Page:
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A radical new treatment for the sick health workforce

Christopher B Del Mar and Naomi Dwyer
Med J Aust 2006; 185 (1): 32-34.
Published online: 3 July 2006

No-one would deny there is a problem with the Australian health workforce. Urgent response is evident, announcements of fast moving policy decisions appearing in quick order.

But what is happening, and, more importantly, why?

The clinical disciplines emerged in the late 17th and 18th centuries as discrete crafts, often in direct competition with each other — even as late as 1880, doctors regarded nurses as a threat to their professional sovereignty.1 Consequently, to ease potential conflict, roles and accountabilities were precisely defined. This unambiguous scope of practice was mostly effective at the time. It enabled different disciplines to get along and perform as a team in specific situations, and it promoted some — if begrudging — measure of interdisciplinary respect. Acute care teams were able to undertake ward rounds, conduct operations, and care for patients successfully in hospitals. What has gone wrong since then?

What are the symptoms of our clinical workforce problems?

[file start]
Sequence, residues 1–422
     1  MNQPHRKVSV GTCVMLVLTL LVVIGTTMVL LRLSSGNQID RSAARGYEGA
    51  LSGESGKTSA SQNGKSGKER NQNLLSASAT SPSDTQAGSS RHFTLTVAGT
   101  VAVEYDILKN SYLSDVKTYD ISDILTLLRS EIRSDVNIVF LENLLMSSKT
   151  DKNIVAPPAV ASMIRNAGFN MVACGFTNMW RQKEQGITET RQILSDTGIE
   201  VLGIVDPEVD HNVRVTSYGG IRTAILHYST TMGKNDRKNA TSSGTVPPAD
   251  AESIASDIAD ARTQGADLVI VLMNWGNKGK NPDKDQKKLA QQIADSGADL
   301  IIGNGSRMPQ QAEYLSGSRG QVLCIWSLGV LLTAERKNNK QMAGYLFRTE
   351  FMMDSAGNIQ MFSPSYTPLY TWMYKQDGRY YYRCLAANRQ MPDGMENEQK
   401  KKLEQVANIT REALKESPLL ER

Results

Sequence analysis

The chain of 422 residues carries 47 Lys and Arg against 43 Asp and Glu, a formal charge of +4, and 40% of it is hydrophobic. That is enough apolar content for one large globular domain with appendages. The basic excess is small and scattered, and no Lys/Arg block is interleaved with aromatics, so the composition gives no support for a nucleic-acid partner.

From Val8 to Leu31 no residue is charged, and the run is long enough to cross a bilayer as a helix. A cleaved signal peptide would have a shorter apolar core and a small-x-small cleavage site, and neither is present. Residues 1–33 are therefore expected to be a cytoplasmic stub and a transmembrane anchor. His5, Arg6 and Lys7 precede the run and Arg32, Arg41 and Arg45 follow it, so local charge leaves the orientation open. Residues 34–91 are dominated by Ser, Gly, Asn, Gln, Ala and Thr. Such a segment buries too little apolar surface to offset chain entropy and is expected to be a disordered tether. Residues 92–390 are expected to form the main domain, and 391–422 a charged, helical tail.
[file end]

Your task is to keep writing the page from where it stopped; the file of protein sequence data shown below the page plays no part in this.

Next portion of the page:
The ageing of the population, with increased comorbidity and the burgeoning increase in chronic disease, underscores the crisis. Diabetes will be the second most common condition affecting males by 2016.2 We are ill-prepared for the onslaught of increasing clinical care needed by patients with chronic degenerative diseases and other demands.

Simultaneously, the supply side is declining for a variety of reasons: insufficient health students to keep pace with population growth; feminisation of the workforce; increasing medical technology sometimes, perversely, requiring more personnel; retirement patterns;3 and the changing aspirations of “Generation Y”, which admires commitment to balancing lifestyle and family over duty to one’s profession.

The workforce illness is neither transient nor acute, nor amenable to swift treatment — it is a serious, chronic illness. Previous failed treatments must be discarded, and we badly need a more efficient system.